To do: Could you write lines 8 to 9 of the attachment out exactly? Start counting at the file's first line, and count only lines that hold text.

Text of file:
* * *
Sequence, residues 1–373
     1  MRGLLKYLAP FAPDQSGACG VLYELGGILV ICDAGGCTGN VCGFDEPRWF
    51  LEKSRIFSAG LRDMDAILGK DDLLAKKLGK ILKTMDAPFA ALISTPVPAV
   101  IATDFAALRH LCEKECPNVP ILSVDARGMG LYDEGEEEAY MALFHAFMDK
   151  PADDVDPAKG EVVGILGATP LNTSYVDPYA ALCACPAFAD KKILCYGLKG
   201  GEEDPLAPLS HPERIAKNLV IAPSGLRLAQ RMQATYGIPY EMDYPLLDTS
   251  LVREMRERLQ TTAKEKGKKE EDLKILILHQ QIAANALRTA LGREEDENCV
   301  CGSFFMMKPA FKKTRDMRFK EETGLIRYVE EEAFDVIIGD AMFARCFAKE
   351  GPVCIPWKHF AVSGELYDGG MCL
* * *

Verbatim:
   301  CGSFFMMKPA FKKTRDMRFK EETGLIRYVE EEAFDVIIGD AMFARCFAKE
   351  GPVCIPWKHF AVSGELYDGG MCL